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It makes you wonder that, despite the relatively low carbon footprint of producing even ebikes, if Trek wanted to make a point of being seen as caring about the CO² produced by their manufacturing and transportation, they wouldn't just lean on the outstanding sales they get from the likes of the Marlin and other beginner/intermediate models.
Oh wait, I forgot to factor in capitalism.
Until capturing market share and making as much money as possible for your share holders takes a back seat to the environment, studies and reports like these just seem like lip service.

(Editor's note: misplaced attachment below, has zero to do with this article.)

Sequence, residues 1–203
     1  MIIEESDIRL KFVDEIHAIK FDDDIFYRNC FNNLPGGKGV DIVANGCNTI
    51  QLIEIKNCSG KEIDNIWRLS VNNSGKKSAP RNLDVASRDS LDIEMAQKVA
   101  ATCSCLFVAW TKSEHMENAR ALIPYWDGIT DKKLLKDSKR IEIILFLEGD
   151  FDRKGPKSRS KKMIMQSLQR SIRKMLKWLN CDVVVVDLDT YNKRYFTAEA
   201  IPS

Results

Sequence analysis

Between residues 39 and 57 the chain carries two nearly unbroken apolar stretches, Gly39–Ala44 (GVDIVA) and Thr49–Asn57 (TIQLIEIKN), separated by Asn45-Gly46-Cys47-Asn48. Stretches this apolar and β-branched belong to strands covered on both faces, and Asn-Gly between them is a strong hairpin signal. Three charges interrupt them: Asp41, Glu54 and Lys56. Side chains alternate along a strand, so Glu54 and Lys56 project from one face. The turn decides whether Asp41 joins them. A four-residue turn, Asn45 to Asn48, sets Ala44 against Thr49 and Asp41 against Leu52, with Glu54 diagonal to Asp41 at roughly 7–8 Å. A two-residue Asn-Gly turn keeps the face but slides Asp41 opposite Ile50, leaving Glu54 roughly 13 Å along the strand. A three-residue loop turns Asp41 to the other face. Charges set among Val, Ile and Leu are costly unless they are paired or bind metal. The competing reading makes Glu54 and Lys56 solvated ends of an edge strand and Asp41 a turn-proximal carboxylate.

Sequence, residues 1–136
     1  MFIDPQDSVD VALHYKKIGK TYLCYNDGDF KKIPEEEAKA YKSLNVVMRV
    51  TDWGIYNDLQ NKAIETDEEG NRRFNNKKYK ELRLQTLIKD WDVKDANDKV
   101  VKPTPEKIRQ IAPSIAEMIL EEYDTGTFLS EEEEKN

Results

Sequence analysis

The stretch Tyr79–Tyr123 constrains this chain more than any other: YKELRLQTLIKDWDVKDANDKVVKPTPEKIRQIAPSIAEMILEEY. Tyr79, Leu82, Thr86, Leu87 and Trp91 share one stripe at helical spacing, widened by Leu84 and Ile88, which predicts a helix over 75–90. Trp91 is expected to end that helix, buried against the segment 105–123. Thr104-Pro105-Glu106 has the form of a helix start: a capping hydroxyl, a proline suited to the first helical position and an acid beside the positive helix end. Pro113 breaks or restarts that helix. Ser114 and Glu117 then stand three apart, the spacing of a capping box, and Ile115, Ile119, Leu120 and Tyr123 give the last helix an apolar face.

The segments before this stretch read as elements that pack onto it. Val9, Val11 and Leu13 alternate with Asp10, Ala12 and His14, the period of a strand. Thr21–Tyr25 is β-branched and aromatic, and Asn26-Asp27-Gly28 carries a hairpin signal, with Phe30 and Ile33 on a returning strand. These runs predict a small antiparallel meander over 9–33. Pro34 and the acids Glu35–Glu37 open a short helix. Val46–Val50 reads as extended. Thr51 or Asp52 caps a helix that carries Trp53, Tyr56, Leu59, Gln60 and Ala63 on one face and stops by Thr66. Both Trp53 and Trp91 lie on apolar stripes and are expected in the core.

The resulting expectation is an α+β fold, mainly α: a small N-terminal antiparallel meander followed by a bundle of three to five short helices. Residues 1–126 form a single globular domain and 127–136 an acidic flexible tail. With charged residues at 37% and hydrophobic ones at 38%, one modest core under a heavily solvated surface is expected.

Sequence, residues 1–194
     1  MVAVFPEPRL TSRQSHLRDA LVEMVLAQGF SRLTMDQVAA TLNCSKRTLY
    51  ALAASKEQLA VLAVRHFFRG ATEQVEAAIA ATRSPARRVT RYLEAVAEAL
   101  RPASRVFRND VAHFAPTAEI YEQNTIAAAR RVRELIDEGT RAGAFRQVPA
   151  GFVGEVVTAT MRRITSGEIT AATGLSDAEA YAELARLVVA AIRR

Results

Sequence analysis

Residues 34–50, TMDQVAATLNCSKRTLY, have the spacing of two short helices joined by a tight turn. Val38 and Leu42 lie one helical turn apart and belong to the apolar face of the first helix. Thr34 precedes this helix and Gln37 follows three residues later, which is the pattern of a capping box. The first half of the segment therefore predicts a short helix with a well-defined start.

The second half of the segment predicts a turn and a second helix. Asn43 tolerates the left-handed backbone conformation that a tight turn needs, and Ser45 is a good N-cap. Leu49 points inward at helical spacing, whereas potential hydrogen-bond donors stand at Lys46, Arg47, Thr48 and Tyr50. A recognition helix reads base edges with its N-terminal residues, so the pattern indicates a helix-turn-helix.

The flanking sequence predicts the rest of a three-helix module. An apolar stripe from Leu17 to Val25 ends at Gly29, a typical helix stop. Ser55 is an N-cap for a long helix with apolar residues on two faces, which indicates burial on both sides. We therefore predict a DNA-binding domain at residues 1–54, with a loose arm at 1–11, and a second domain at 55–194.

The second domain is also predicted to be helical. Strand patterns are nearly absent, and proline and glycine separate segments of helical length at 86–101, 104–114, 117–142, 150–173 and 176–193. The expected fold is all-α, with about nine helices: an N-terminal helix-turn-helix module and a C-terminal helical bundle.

Also I agree with your pov regarding not being clear enough with what the beginning and end point of the CO² produced is. Mining and refining the raw minerals? Just to produce it in the factory(ies)? Life of the bike (including recharges, parts replacement etc)? Maintenance (eg. Lubricants)? Disposing of the worn parts/batteries? What do they consider is the average usable life span of any of the bikes used as the examples?
BTW this is coming from someone who loves a nice shiny thing but thankfully gets to use their lack of money as a way of appearing frugal and highly attuned to their environmental impact... \*shrugs shoulders\*.
SS hardtail FTW!
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